• Performance: 4 / 5

Should you buy the Intel Core i5-13600K?

An Intel Core i5-13600K

(Image credit: Future / John Loeffler)
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Intel Core i7-13700K
ValueThe 13600K comes in at a higher price point than its competitors, but its tolerable given its performance, even if Intel is pushing it here.3.5 / 5
Chipset & featuresMore cores, faster clocks, and continued DDR4 compatibility make this one a winner.4 / 5
PerformanceWhile it's raw performance is exceptional, it comes at too great a cost in terms of power consumption.4 / 5
Final scoreRow 3 - Cell 1 3.84 / 5

Buy it if...

You want the best "cheap" processor around
The performance on the Core i5-13600K makes this processor an exception value by default.

You need to use DDR4 RAM
DDR5 RAM kits are coming down in price, but they're still expensive, and this chip gives you the opportunity to stick with DDR4 for a little while longer.

Don't buy it if...

You want a true budget processor
While this processor is still pretty cheap, expecially for it's performance, if you need a truly basic processor for cheap, there are better budget chips out there for that.

Also Consider

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Intel Core i5-13500K vs its competitors
Header Cell - Column 0 Intel Core i5-13600KAMD Ryzen 5 7600XIntel Core i5-12600K
Price$329 (about £280 / AU$480)$299 (about £255 / AU$435)$289 (about £245 / AU$420)
Performance cores666
Efficiency cores804
Base Frequency (GHz)3.504.703.70
Boost Frequency (GHz)5.105.304.90
L3 Cache (MB)443829.5
TDP (W)125105125

If my Intel Core i5-13600K review has you considering other options, here are two processors to consider... 


AMD Ryzen 5 7600X
The AMD Ryzen 5 7600X is a serious contender for the best budget gaming processor currently on the market, given its attractive low price and surprisingly solid gaming performance. 

Read the full <a href="" data-link-merchant=""">AMD Ryzen 5 7600X review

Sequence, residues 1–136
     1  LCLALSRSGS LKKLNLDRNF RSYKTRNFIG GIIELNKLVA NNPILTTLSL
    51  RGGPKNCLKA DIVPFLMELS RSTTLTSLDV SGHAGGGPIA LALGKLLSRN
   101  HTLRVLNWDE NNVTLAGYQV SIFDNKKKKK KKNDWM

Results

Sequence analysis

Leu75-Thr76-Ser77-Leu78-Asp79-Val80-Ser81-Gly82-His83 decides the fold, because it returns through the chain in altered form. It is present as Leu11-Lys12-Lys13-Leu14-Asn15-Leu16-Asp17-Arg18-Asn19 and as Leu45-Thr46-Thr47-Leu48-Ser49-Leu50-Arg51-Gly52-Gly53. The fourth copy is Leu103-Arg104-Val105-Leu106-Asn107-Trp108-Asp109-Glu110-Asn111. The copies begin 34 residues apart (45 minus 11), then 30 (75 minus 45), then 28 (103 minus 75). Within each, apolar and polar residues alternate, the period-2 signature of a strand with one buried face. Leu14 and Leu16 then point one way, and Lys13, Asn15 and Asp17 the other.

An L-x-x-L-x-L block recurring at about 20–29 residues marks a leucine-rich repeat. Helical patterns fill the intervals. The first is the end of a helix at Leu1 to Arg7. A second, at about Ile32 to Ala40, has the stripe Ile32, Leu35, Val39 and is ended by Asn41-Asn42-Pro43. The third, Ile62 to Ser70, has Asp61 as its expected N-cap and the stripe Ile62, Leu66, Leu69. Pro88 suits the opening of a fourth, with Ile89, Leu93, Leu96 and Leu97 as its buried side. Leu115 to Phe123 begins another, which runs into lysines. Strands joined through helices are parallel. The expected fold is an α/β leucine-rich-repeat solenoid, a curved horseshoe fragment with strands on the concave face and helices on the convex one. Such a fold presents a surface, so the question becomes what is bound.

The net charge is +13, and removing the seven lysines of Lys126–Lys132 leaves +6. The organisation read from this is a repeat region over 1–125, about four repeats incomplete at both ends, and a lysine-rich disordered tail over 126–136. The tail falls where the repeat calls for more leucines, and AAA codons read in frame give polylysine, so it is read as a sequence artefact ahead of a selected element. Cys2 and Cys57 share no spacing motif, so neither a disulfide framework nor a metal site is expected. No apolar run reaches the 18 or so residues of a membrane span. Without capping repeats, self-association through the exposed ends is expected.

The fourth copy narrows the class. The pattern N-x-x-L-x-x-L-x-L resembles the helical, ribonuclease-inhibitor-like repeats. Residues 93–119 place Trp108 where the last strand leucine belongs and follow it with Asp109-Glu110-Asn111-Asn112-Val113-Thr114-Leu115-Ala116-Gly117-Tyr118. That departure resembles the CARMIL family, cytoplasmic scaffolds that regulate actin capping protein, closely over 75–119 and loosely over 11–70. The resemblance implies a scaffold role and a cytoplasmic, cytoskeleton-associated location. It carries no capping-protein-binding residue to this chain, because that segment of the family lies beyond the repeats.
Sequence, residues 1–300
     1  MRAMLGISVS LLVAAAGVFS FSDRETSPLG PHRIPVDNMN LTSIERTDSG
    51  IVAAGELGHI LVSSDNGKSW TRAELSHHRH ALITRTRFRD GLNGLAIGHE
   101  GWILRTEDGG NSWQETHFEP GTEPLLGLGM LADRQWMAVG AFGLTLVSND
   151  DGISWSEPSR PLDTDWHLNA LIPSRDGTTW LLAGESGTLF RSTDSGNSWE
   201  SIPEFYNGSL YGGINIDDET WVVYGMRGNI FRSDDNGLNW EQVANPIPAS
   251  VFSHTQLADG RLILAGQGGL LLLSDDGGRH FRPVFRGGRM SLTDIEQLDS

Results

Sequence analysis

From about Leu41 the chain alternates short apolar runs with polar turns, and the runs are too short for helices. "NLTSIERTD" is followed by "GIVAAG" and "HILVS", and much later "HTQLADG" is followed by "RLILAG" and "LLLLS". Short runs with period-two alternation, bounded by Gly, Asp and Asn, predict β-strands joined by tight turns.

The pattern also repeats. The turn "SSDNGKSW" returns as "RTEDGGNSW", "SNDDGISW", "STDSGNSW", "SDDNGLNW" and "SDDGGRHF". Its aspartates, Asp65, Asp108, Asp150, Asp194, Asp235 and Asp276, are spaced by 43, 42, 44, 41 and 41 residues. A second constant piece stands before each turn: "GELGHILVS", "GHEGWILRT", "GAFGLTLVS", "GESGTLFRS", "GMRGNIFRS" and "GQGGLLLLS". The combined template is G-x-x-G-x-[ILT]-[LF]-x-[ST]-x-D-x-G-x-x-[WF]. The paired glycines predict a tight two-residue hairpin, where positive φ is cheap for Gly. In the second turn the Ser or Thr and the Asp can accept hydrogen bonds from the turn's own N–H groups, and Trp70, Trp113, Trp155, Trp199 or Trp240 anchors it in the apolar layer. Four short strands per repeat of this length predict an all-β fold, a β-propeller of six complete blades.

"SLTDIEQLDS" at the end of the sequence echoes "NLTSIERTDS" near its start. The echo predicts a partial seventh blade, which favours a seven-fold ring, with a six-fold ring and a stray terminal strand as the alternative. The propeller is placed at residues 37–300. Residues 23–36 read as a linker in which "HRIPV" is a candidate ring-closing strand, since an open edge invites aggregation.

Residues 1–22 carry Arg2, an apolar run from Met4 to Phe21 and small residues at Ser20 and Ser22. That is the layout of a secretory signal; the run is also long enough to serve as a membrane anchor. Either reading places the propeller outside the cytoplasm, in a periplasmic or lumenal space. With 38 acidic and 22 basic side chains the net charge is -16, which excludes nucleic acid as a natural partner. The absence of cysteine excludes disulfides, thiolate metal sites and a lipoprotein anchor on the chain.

Intel Core i5-12600K
The Intel Core i5-12600K isn't as powerful as the Core i5-13600K, but it's lower price and still respectable performance makes it the best Intel processor you're going to find under $300 / £250 / AU$425.

Read the full <a href="" data-link-merchant=""">Intel Core i5-12600K review

How I tested the Intel Core i5-13600K

  • I spent nearly two weeks testing the Intel Core i5-13600K
  • I ran comparable benchmarks between this chip and rival processors
  • I gamed with this chip for several days

I spent an extensive amount of time testing the Core i5-13600K over the past two weeks, including using the processor in my primary work and gaming machine at home.

In addition to general work tasks and gaming, I used the processor extensively for content creation work like Adobe Photoshop, Adobe Illustrator, and Blender 3D modeling.

I also ran an extensive battery of benchmark tests on this chip and rival CPUs a customer might consider, using as close to identical hardware as possible in order to gather sufficient comparable data to determine how the chips performed in real-life and simulated workloads.

Read more about how we test

First reviewed May 2023

John Loeffler
Components Editor

John (He/Him) is the Components Editor here at TechRadar and he is also a programmer, gamer, activist, and Brooklyn College alum currently living in Brooklyn, NY. 

Named by the CTA as a CES 2020 Media Trailblazer for his science and technology reporting, John specializes in all areas of computer science, including industry news, hardware reviews, PC gaming, as well as general science writing and the social impact of the tech industry.

You can find him online on Threads @johnloeffler.

Currently playing: Baldur's Gate 3 (just like everyone else).